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1 Publications

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    12/27/10 | Orphan nuclear receptors control neuronal remodeling during fly metamorphosis.
    Tzumin Lee , Takeshi Awasaki
    Nature Neuroscience. 2010 Dec 27;14:6-7. doi: 10.1038/nn0111-6

    News & Views | Published: 27 December 2010

    Orphan nuclear receptors control neuronal remodeling during fly metamorphosis

    Nature Neuroscience volume 14, pages 6–7 (2011) | Download Citation

    Pruning of excess branches is essential for the maturation of developing neuronal circuits. Cross-talk between TGF-β signaling and two antagonistic orphan nuclear receptors governs the pruning of larval γ neurons in the Drosophila pupa.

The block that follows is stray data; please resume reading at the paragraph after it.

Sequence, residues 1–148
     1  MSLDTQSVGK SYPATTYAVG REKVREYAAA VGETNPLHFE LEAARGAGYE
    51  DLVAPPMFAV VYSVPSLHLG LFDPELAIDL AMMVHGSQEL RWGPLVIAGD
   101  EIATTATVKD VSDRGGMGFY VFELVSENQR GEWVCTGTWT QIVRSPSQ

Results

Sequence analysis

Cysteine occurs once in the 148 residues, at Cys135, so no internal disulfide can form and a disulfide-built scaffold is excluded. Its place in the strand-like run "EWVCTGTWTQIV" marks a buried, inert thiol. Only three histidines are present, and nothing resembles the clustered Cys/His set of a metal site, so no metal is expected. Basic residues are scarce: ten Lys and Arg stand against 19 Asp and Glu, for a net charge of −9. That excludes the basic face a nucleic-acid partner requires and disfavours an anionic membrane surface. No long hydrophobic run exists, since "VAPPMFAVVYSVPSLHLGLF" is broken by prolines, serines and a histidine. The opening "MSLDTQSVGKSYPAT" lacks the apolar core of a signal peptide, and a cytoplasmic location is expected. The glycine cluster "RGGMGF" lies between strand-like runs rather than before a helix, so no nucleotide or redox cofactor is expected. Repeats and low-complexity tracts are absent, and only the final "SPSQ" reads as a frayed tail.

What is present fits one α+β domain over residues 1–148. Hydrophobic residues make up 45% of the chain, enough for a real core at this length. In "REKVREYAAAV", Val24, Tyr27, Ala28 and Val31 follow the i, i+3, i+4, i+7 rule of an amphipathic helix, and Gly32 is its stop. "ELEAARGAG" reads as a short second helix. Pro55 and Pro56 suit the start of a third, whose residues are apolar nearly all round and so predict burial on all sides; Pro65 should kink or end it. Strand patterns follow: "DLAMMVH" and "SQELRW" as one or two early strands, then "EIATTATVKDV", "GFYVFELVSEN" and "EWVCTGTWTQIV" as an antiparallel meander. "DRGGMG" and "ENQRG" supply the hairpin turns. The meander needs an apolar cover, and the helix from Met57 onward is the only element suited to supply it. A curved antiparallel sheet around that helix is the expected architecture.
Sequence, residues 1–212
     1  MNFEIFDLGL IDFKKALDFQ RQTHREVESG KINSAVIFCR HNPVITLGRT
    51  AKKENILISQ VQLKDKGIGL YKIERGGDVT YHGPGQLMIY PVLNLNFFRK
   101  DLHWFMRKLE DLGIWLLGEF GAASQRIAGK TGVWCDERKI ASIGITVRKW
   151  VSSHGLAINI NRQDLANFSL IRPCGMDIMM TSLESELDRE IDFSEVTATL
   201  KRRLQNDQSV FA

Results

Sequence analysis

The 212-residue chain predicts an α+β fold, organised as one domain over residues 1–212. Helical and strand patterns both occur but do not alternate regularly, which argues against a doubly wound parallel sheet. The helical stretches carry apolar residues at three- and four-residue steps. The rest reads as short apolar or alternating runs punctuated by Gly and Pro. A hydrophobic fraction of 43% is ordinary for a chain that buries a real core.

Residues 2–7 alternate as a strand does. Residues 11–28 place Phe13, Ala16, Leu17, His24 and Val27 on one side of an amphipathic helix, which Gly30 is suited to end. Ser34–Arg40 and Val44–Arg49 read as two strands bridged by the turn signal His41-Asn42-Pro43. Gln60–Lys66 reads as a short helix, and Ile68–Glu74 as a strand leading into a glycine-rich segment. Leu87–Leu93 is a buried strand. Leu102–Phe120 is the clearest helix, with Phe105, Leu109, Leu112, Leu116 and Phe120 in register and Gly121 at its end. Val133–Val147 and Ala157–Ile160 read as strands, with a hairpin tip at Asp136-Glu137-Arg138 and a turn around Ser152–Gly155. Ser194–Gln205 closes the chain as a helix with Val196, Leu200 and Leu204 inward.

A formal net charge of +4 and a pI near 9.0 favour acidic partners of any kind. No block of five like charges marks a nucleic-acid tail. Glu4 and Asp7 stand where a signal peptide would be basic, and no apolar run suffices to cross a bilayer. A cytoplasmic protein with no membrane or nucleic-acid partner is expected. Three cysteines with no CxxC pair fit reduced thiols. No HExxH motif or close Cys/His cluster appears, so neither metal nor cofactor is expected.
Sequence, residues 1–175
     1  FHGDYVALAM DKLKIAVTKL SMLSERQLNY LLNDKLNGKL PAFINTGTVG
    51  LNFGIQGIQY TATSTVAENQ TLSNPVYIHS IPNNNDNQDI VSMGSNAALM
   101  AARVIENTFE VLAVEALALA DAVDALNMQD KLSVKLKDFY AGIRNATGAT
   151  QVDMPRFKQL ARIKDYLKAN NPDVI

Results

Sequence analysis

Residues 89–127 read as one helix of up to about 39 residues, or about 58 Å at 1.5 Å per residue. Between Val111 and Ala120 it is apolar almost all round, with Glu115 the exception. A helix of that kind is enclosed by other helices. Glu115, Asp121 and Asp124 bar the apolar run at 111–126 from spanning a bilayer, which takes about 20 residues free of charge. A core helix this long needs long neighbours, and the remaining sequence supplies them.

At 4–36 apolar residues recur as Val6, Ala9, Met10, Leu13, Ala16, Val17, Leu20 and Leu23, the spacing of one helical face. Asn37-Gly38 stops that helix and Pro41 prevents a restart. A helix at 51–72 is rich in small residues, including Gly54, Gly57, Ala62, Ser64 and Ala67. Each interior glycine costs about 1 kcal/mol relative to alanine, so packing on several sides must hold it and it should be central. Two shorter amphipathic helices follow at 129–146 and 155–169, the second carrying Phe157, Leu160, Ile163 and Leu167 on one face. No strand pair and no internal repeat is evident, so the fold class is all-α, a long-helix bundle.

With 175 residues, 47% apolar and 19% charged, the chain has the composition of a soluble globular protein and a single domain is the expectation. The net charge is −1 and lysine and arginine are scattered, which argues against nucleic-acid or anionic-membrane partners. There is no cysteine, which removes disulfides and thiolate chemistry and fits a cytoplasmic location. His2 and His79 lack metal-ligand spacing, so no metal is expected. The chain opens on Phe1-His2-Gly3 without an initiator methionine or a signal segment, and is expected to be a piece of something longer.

Neural circuits are remodeled as the brain matures or acquires new functions. Such developmental remodeling involves complex cellular changes that are tightly regulated in space and time. During metamorphosis of holometabolous insect brains, most larval functional neurons are rewired into the adult circuitry, and study of these processes has been particularly fruitful for the elucidation of the mechanisms that underlie neuron remodeling1. In metamorphosing Drosophila, nuclear signaling of the steroid hormone receptor ecdysone receptor B1 isoform (EcR-B1) cell-autonomously orchestrates neuron remodeling. Only neurons destined to remodel upregulate EcR-B1 expression before a crucial pre-pupal ecdysone pulse2. It is therefore necessary to determine the mechanisms that pattern EcR-B1 expression to understand how developmental neuronal remodeling is programmed in Drosophila.

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